In the highly competitive annual ARC grants, the Water Research Centre (WRC) has won five Discovery Project grants, totalling $1.87 million. This is a significant contribution to the overall ACR Discovery grants won by the School of Civil and Environmental Engineering which totalled $3.26 million.
The WRC projects involve innovative research in areas of, coastal engineering, hydrology, water resources, and environmental engineering. Topics include research into breaking wave effects, new strategies for flood design, mapping Australia’s water cycle, and new research into the use of nanoparticulate silver in purification of contaminated drinking waters.
Our congratulations to researchers, Dr Richard Collins,, Dr Matt McCabe, Dr Raj Mehrotra, A/Prof Bill Peirson, Prof Ashish Sharma,and Prof T David Waite.
Details of the 5 WRC Discovery Projects for Funding Commencing in 2012 are as follows:
1) DP120101701 Project Title: Transitions in wave breaking from deep to shallow water
Project Team: Banner, Prof Michael L; Peirson, Dr William L; Dias, Prof Frederic
Project Summary: The predominant impact on coastal geomorphology, marine safety and coastal structures is from breaking waves, especially from storms. This project will provide the first unified formulation of breaking wave effects from deep to shallow water, which will increase wave forecast model accuracy and hence improve coastal zone design and safety outcomes.
2) DP120104718 Project Title: Closing the water cycle using land surface modelling, remote sensing and an Australian hydrological observatory
Project Team: McCabe, Dr Matthew F; Wood, Prof Eric
Project Summary: Australians live in the driest inhabited continent on Earth. Water supply and its variability have been constant problems throughout our history. This project will use space based satellites, sophisticated ground based instruments and advanced modelling tools to provide a 21st century characterisation of our nation’s water resources.
3) DP120100338 Project Title: A new strategy for design flood estimation in a nonstationary climate
Project Team: Sharma, Prof Ashish; Mehrotra, Dr Rajeshwar; Westra, Dr Seth
Project Summary: Evidence suggests that global warming will result in an increase in the frequency and/or magnitude of heavy rainfall, leading to flooding with potentially devastating consequences. This study provides a renewed focus on design flood estimation that takes into account a changing climate where assumptions that the future climate will be similar to the past are no longer tenable.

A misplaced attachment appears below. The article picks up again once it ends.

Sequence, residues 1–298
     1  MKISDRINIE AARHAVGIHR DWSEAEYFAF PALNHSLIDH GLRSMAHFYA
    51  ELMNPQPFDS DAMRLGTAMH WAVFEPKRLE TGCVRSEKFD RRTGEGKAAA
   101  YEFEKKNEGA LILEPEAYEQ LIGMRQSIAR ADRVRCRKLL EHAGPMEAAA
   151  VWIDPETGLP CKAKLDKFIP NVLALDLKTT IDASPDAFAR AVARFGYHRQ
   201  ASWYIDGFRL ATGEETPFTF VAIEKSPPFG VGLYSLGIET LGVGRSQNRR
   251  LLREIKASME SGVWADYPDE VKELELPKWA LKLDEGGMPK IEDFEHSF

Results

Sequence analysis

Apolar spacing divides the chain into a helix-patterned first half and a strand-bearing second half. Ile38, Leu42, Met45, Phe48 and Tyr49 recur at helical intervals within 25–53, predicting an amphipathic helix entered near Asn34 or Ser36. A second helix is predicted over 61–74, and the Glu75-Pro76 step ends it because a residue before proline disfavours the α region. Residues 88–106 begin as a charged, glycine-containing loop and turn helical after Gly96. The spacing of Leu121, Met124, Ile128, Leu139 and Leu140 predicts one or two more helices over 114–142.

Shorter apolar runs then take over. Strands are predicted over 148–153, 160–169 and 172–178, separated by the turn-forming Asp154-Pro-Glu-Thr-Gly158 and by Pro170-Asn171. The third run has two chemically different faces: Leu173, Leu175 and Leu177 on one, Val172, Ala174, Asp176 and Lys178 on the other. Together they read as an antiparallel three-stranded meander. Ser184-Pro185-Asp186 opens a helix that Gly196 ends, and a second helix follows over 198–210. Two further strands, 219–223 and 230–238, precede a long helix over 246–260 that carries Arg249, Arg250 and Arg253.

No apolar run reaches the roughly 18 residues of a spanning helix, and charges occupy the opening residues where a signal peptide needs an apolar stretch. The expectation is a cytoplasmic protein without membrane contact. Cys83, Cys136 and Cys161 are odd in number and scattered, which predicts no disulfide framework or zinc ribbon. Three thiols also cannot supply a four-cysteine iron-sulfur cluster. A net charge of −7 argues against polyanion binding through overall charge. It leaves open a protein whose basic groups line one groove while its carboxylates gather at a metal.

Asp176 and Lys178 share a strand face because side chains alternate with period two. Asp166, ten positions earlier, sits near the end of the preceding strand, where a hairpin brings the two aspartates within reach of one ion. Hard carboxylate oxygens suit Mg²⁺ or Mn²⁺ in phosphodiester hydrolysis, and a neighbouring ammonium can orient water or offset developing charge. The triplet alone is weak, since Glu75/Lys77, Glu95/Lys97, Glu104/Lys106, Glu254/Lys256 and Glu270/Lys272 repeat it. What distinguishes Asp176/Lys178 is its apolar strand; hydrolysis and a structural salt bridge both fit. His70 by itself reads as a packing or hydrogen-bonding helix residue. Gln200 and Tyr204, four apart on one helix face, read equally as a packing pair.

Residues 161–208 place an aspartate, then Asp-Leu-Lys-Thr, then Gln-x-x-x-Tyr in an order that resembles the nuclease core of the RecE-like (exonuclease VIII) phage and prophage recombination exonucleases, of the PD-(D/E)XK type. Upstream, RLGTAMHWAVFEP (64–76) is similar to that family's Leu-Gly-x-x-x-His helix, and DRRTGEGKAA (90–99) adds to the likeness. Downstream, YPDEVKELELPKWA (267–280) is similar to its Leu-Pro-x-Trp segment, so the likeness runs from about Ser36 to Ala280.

4) DP120103234 Project Title: New perspectives on iron oxide transformations in oxic and anoxic aqueous environments: Implications for iron bioavailability and contaminant mobility
Project Team: Waite, Prof T David; Rose, A/Prof Andrew L; Collins, Dr Richard N; Waychunas, Dr Glenn
Project Summary: Transformations in the form and reactivity of iron oxides in oxic and anoxic aqueous environments are considerably more dynamic than previously thought. This project will examine the nature and extent of these transformations and elucidate their impact on supply of iron to organisms and mobility of uranium and arsenic in groundwaters.
5) DP120103222 Project Title: Reactive oxygen species generation by zerovalent silver nanoparticles; implications to toxicity and contaminant degradation
Project Team: Waite, Prof T David; Wiesner, Prof Dr Mark R
Project Summary: Nanoparticulate silver is now being used for the purification of drinking water yet many questions remain concerning its mode of purifying action. Here we investigate the generation of reactive oxygen species (ROS) by nanoparticulate silver and examine the relationship between ROS generation and the purifying action of “nano-silver”.